Storm of Lycra and Carbon
Bike racing is supposed to make you indifferent to its violence.
As a feverish junior, you are bred to ignore the sight of your own flesh, the sharp, searing pain as it skids across the cold, hard pavement. Get up. Get on your bike. Stay off the brakes. The rain seeps into your wounds, so you learn to ride harder and not feel the sting. Blood, broken bones, pus, pounding headaches, wind, sun, hunger, thirst mean nothing to you. Get to the front. Push on, and you’ll look out over a sea of mangled and screaming bodies and find your machine. You’ll re-enter the storm of lycra and carbon and feel nothing. No one ever admits they’re afraid.
We celebrate all this. Race reports liken the classics to war. We compare bike racers to wolf packs, bands of brothers. Glory through suffering. We have our Colosseum. It’s on all day on our television screens.
And then, one of them dies.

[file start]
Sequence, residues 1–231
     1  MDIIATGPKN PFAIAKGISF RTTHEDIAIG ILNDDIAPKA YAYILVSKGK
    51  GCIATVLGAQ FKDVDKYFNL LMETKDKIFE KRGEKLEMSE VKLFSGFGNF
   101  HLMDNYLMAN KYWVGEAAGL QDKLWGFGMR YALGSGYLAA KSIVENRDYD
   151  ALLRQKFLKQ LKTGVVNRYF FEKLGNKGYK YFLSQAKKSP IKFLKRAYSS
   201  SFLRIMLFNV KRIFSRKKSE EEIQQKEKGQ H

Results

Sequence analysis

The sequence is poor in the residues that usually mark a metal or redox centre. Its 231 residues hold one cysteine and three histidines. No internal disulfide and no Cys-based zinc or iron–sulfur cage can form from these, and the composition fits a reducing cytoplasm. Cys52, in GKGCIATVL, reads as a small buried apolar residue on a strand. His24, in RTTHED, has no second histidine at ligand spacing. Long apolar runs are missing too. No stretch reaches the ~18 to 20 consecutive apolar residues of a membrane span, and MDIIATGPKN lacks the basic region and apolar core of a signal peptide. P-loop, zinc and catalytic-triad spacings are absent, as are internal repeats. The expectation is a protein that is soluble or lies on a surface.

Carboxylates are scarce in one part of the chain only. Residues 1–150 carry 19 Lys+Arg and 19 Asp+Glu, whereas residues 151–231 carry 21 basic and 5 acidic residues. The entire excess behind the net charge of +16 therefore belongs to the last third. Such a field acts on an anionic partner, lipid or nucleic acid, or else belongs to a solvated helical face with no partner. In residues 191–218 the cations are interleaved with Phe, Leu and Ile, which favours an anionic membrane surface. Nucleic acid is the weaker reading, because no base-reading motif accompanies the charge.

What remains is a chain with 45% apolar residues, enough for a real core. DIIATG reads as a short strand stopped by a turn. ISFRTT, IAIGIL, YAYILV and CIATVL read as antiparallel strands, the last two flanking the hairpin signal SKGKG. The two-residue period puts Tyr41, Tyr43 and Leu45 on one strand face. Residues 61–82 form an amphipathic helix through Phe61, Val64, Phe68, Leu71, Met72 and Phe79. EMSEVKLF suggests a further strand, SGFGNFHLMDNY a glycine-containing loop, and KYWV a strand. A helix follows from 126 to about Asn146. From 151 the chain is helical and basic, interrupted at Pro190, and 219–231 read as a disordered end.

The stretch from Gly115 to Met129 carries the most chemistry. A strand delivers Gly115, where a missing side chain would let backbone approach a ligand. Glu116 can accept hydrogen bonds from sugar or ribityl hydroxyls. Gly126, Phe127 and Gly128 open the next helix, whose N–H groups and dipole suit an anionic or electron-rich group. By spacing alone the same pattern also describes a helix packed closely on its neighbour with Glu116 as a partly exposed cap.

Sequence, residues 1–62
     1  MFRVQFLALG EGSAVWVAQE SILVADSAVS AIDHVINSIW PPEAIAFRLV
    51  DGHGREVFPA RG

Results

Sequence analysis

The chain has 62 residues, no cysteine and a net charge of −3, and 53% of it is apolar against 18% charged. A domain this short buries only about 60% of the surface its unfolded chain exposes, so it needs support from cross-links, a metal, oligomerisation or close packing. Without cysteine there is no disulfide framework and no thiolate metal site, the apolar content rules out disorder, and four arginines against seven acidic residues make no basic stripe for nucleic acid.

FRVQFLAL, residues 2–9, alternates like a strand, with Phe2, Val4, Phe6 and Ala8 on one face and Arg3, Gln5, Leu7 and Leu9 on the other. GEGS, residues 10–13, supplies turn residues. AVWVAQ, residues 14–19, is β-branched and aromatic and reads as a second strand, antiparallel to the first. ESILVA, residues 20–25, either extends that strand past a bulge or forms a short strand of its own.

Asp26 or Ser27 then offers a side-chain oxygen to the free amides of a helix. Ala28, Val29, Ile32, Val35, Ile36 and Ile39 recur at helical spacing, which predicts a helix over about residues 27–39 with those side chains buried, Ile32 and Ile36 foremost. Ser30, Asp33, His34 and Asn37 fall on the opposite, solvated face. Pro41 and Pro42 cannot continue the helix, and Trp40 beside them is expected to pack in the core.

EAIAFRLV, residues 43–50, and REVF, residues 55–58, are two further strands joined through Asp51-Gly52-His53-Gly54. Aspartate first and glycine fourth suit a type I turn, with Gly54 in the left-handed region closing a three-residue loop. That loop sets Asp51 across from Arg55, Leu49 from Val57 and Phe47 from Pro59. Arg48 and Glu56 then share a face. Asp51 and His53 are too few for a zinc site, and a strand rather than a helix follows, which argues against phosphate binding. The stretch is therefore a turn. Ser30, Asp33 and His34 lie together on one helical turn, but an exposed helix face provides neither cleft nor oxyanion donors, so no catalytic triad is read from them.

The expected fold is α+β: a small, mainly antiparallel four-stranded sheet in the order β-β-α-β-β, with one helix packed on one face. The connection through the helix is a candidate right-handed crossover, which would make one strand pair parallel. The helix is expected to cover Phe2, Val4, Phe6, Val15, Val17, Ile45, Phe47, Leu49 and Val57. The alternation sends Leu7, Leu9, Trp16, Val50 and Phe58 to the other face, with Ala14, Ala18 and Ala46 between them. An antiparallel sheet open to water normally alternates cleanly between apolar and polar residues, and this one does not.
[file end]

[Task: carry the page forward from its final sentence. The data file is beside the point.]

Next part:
Forgive the bike racers for racing. They knew no better, and were steeled anyway to what they had to endure.
But what the hell were we thinking? Are we so inured to the traumas that bike racers put themselves through that Michael Goolaerts’ heart attack was just a plot point before Peter Sagan’s attack? Are we so indifferent that we’d already half forgotten about it once the champagne had been popped and the fireworks went off? Did we have to share all our great ‘content’ from the race, while he lay dying in the hospital in Lille?
Michael Goolaerts was just a boy. His mum and dad lost their son.
I hope his death doesn’t become a part of the legend of the ‘Hell of the North.’
When the journalists from L’Auto went to inspect the course of Paris Roubaix in 1919, they observed:
“There’s not a square metre that has not been hurled upside down. There’s one shell hole after another. The only things that stand out in this churned earth are the crosses with their ribbons in blue, white and red.”
That was the real hell of the north. Let’s not glorify all that lead to it.